To access regions within the body, e.g., the chambers of the heart, the visual electrode assembly may be positioned upon an articulatable catheter having a dual-steering capability, such as a proximal section configured to articulate in a first plane, and a distal section configured to articulate in multiple planes, e.g., four-way steering capability. Alternatively, a passively steerable deployment catheter may be steered via an articulatable outer sheath which may be manually or computer controlled. Moreover, steering may further be enhanced by orientation markers placed upon the hood itself. Corresponding marks may be placed upon the handle as well to provide a directional indication of articulation direction when viewed upon a monitor of the visualization field and in manipulating the hood accordingly.
Variations in the electrode structure may also be varied as well as variations in the hood structure itself to further facilitate visual ablation. For instance, the hood may be configured as an expandable membrane having one or more purging ports for ablation against angled tissue surfaces. Also, the discharging electrode may be formed as a sputter coated ring placed upon the distal membrane or other variations may be utilized.
Other variations may incorporate the use of suction or negative pressure formation within the hood to facilitate the formation of a seal between the aperture and underlying tissue. Such systems may be configured to form a recirculating flow within the hood to reduce saline discharge as well as to provide a cooling effect upon the treated tissue.
Because the ablative energy is transmitted through the purging fluid, lesions having a relatively wider area may be formed than possible with conventional ablation probes. The lesion area may be formed according to the size and/or shape of the aperture through which the purging fluid contacts the underlying tissue. Alternatively, a thin layer of saline fluid from the aperture may additionally become isolated beneath the base of the hood, thus further increasing the potential area for lesion formation. To facilitate measurement of the lesions under visualization, the hood and/or distal membrane may incorporate gradations or markings for estimating the size of lesions formed by the visual electrode.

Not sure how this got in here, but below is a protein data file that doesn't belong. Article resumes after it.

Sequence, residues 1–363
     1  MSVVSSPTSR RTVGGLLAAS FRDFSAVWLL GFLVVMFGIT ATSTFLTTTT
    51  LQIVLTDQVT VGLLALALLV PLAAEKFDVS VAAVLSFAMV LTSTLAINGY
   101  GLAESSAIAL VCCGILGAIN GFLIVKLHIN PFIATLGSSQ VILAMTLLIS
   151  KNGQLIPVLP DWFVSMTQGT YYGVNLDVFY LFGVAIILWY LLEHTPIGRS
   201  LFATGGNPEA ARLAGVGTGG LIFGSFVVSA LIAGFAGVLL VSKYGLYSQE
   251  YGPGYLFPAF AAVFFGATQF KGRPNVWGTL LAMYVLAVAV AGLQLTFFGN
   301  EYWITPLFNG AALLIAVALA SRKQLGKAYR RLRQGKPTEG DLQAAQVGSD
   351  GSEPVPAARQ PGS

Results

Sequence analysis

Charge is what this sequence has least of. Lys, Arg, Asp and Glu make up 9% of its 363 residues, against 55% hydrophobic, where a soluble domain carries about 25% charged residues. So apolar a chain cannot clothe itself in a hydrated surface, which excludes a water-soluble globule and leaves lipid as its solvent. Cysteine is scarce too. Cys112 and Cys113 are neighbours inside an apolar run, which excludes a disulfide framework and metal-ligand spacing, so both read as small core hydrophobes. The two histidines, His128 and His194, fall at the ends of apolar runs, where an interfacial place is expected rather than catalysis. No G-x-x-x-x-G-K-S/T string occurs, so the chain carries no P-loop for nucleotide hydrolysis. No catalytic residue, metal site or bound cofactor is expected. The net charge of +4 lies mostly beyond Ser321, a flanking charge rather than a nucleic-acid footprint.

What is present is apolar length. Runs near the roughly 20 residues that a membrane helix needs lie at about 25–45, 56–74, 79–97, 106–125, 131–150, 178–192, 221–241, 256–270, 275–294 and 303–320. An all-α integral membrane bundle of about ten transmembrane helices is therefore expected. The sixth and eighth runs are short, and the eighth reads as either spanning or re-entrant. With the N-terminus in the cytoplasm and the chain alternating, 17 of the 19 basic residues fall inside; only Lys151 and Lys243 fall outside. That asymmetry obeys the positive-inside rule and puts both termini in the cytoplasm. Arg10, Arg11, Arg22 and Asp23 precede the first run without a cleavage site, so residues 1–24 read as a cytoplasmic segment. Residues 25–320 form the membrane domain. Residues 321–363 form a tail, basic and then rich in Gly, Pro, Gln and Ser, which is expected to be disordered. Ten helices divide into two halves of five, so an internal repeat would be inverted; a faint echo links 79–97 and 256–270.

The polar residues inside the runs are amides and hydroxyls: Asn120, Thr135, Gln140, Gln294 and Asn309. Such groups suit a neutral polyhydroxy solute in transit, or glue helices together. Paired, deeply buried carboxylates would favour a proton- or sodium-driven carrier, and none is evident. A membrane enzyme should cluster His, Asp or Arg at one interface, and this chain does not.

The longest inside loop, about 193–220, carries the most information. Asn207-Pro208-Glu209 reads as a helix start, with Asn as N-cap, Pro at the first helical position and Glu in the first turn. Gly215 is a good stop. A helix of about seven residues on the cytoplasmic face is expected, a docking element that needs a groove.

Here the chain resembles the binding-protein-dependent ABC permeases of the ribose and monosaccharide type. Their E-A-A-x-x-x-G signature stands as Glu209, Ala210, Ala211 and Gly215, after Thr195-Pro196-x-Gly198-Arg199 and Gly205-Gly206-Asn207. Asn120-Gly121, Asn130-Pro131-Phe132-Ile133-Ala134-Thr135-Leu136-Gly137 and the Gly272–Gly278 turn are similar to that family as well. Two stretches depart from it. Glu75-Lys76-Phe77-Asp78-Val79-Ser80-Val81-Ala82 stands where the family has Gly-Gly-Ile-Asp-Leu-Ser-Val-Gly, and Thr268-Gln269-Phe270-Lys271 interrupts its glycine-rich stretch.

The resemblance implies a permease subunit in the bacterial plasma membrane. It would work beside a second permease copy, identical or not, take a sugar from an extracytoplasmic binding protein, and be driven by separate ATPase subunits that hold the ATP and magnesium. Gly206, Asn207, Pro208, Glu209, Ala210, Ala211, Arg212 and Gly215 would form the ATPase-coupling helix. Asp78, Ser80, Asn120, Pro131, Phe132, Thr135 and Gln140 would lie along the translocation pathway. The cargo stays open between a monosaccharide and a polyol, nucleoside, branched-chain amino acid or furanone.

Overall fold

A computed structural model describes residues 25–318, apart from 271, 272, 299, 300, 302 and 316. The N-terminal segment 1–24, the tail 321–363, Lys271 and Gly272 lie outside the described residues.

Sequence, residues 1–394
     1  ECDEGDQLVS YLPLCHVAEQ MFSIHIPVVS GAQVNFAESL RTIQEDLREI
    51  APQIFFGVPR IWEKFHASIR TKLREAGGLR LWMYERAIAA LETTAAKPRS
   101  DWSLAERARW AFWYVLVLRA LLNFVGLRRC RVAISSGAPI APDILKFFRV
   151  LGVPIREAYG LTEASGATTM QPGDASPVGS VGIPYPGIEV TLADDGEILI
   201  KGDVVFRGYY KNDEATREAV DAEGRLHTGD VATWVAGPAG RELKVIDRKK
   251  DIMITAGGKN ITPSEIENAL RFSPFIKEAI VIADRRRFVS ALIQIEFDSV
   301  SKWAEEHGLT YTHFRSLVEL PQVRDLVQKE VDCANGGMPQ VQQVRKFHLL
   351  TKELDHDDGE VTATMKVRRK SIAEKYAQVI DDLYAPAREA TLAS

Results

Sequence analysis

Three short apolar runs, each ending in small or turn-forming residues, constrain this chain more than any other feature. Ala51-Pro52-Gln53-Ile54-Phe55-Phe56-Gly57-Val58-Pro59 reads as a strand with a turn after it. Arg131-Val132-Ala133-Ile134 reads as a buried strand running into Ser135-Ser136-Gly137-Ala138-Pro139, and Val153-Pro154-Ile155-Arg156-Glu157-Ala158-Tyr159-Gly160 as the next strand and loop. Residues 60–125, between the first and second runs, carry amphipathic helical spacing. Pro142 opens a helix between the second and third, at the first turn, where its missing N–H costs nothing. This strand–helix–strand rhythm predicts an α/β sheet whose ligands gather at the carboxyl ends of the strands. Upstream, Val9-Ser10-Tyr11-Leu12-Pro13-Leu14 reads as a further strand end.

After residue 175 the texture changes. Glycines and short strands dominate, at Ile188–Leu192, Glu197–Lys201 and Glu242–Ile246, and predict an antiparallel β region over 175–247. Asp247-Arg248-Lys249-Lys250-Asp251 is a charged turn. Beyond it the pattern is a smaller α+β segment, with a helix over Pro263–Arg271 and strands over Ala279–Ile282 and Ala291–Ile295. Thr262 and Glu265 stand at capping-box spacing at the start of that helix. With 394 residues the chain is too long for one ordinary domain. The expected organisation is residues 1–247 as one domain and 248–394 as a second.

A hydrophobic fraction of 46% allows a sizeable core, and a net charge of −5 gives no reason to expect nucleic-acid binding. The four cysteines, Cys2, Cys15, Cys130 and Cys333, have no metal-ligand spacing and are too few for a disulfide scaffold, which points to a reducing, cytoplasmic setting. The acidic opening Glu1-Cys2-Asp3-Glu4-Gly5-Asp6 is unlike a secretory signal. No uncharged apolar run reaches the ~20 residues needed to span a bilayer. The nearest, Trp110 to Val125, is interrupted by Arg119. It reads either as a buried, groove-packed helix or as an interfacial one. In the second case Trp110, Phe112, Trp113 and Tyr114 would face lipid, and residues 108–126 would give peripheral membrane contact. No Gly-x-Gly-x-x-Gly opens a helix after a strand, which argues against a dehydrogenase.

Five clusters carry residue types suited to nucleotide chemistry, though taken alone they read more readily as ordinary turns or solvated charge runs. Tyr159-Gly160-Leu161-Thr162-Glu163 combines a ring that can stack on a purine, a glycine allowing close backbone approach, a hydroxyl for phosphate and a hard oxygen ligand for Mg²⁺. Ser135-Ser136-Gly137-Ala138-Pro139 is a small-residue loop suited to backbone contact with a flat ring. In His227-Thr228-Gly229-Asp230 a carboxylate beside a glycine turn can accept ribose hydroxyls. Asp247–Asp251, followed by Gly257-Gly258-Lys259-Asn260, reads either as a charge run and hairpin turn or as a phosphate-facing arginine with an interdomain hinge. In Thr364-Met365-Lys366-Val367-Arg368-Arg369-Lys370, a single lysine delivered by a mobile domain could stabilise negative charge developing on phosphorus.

Additionally, the visual confirmation of the ablated tissue may allow the user to also identify lesion borders during or post-treatment and may facilitate the formation of overlapping lesions to form contiguous lesions about tissue regions, such as the pulmonary vein ostia. Also, the hood may be utilized to locate previously formed discontiguous lesions for ablation of any gaps between these lesions.
Color feedback may also be utilized in determining whether irreversible tissue damage has been achieved as well as for determining temperature feedback during an ablation treatment. Such feedback may be provided not only by the tissue color itself, but also by features such as one or more thermochromic indicators positioned along the hood in contact with the treated tissue or within the hood for monitoring a temperature of the purging fluid.